A failure to patch critical secure sockets layer (SSL) vulnerabilities has contributed to 18 out of the top 25 vulnerable mobile apps remaining vulnerable four months later, according to Intel Security's McAfee Labs Threats Report: February 2015.
The report describes how unsecured web sessions leave millions open to man-in-the-middle attacks, and also details the increasingly used Angler exploit kit, as well as warning of increasingly aggressive potentially unwanted programs (PUPs) that change system settings and gather personal information without the knowledge of users.
In January this year, McAfee Labs tested the 25 most popular apps on CERT's September 2014 list of vulnerable mobile apps that send login credentials through insecure connections and found that 18 still have still not been patched despite public disclosure, vendor notification, and, in some cases, multiple version updates addressing concerns other than security.
McAfee Labs researchers simulated man-in-the-middle (MITM) attacks that successfully intercepted information shared during supposedly secure SSL sessions. The vulnerable data included usernames and passwords and in some instances, login credentials from social networks and other third party services.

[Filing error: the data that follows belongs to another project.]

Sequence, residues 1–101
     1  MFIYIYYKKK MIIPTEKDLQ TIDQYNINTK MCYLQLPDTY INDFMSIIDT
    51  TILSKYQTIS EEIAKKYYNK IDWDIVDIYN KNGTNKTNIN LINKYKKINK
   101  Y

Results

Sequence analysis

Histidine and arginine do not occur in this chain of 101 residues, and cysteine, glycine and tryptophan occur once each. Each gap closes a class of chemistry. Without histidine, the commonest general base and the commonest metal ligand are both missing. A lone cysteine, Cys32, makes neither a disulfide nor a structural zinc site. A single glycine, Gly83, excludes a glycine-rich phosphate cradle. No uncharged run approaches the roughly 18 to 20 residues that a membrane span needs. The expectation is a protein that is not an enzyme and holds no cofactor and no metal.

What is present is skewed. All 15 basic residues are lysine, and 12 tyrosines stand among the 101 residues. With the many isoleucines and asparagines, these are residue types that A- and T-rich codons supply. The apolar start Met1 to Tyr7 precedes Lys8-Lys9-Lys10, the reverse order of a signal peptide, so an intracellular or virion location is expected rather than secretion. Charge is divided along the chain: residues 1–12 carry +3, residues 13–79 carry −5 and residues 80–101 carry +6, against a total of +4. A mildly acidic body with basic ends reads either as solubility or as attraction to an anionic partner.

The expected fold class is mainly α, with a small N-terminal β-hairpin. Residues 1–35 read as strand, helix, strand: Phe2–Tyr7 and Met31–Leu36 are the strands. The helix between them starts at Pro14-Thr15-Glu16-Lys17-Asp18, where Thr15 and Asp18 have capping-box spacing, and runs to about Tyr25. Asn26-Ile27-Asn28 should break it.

Raj Samani, EMEA CTO for Intel Security noted the widespread use of mobile apps in business, adding: “It is therefore important that mobile apps have the level of protection required for consumers and businesses to use them safely and so mobile app developers must take responsibility for ensuring that their applications follow secure programming and vulnerability responses.”
Another Q4 development saw cyber-criminals migrate to the Angler kit in the second half of 2014, when it surpassed Blackhole in popularity among exploit kits. It uses a variety of evasion techniques to remain undetected by virtual machines, sandboxes, and security software, and frequently changes patterns and payloads to hide its presence from some security products, and can deliver a wide range of payloads including banking Trojans, rootkits, ransomware, CryptoLocker, and backdoor Trojans.
Mobile malware samples grew 14 percent during the fourth quarter of 2014, with Asia and Africa registering the highest infection rates. At least 8 percent of all McAfee-monitored mobile systems reported an infection in Q4 2014, particularly the AirPush ad network.
In Q4, the number of new ransomware samples grew 155 percent after declining over the previous year. In total McAfee Labs now detects 387 new samples of malware every minute, or more than six every second.